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News Wrap: Acting Navy Secretary Modly resigns after controversy

In our news wrap Tuesday, acting Navy Secretary Thomas Modly has resigned after a tirade against the former captain of a warship hit by COVID-19. Modly had said that fired Captain Brett Crozier was “too naive or too stupid” to hold his post. Also, White House Press Secretary Stephanie Grisham is leaving her post to become the first lady’s chief of staff. She never held a formal press briefing.

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  • Judy Woodruff:

    In the day's other news: Acting U.S. Secretary of the Navy Thomas Modly resigned after a tirade against the captain of a warship that's been hit by the coronavirus.

    Modly had fired Captain Brett Crozier of the aircraft carrier Theodore Roosevelt for sending out an e-mail plea to evacuate his crew. Then, on Sunday, the secretary addressed the crew in Guam, and lambasted Crozier.

  • Thomas Modly:

    It was my opinion that, if he didn't think that information was going to get out into the public, in this information age that we live in, then he was, A, too naive or too stupid to be the commanding officer of a ship like this.

  • Judy Woodruff:

    Modly apologized last night for those comments.

    But calls for his ouster mounted. President Trump said this evening that he had no role in the resignation and wouldn't have asked Modly to leave. He also designated James McPherson as the new acting Navy secretary. He had become undersecretary of the Army just last month.

    White House Press Secretary Stephanie Grisham is leaving after nine months. At President Trump's direction, she never held a formal press briefing. She will now become the first lady's chief of staff, as well as continue her role as Mrs. Trump's press secretary.

    The new White House press secretary will be Kayleigh McEnany, who is now spokeswoman for the Trump reelection campaign.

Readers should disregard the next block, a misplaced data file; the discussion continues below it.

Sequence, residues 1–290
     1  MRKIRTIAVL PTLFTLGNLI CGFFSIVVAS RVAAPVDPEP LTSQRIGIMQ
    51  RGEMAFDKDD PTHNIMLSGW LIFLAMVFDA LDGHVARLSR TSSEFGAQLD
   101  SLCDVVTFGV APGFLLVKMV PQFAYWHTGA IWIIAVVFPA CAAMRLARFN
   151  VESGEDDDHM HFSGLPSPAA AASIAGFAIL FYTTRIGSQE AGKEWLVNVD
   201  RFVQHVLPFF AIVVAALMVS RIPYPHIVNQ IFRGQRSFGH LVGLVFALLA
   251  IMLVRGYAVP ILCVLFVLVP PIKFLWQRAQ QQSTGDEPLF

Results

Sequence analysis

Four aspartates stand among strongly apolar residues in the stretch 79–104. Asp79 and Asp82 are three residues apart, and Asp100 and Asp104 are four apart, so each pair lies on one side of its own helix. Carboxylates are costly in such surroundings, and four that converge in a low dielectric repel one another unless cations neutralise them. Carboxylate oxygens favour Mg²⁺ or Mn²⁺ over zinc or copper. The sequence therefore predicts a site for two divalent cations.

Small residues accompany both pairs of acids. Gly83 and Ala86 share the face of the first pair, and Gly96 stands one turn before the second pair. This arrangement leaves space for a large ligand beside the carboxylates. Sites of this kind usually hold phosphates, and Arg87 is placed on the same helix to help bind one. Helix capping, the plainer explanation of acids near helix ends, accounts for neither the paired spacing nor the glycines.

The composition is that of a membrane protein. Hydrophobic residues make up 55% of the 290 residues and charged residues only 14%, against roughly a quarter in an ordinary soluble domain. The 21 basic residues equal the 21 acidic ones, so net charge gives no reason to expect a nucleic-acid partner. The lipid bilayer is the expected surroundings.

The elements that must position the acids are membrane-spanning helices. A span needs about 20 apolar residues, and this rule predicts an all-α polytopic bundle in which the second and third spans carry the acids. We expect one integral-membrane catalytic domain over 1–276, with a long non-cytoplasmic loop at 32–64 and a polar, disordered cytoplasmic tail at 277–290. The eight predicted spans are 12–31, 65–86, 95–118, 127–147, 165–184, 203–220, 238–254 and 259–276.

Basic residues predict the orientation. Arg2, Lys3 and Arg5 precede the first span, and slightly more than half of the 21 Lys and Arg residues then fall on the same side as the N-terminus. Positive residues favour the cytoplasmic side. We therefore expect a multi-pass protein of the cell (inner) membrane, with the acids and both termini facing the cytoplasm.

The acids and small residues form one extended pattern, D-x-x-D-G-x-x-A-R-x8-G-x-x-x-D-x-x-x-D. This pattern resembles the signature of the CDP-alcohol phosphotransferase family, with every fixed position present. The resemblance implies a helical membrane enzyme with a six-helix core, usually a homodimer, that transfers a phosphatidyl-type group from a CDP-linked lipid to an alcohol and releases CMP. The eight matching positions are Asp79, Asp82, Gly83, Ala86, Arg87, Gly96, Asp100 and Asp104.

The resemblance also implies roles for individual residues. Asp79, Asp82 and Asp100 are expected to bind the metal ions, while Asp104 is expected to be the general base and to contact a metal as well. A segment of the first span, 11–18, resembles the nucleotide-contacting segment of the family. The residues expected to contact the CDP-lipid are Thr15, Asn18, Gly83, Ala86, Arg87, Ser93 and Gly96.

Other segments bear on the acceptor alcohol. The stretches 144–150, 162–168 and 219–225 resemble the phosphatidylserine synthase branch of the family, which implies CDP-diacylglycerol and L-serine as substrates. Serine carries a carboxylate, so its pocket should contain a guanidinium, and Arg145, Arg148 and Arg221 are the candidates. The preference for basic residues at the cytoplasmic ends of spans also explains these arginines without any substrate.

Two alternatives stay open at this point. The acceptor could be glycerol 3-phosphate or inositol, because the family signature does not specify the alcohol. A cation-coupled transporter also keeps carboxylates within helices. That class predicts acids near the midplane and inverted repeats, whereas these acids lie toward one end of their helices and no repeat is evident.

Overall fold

In Afghanistan, the Taliban has broken off talks with the Afghan government. The group says that negotiations on a prisoner exchange have gone nowhere. The U.S. reached a troop withdrawal agreement with the militants in February. It's supposed to be a first step toward a broader settlement.

    Australia's top court today threw out the criminal convictions against Roman Catholic Cardinal George Pell for sexually abusing children. The judges found there was reasonable doubt about his guilt. Pell was released after 13 months behind bars and driven to a monastery in Melbourne, as abuse survivor groups condemned the decision.

  • Maureen Hatcher:

    We just feel really sad, because the emotions are just so vast, really. And there's so much to think about and to take on in all this.

  • Judy Woodruff:

    Pell had been the most senior Catholic Church official to be jailed in the long-running abuse scandal.

    The University of Michigan is sending letters to nearly 6,800 former student athletes in a sexual abuse investigation. The school wants them to speak investigators about allegations that go back to the 1960s. Former campus doctor Robert Anderson is accused of molesting students for decades. He died in 2008.

    A federal appeals court allowed Texas today to limit most abortions during the coronavirus pandemic. State officials have classified abortions as non-urgent procedures during the crisis. A lower court blocked the policy last week, but the appeals panel ruled that the state is protecting the public health. The ruling is likely to be appealed.

    A black pioneer in magazine publishing has passed away. Earl Graves Sr. died on Monday after battling Alzheimer's disease. In 1970, he launched "Black Enterprise." It was the first magazine about black entrepreneurs to be owned by an African-American, and he used it to champion black business.

    Earl Graves was 85 years old.

    And a so-called supermoon will light up the sky tonight over much of the country. The moon will be full and closer than usual, less than 220,000 miles from Earth. That should make it the brightest and the largest lunar show of the year.

    We need it.

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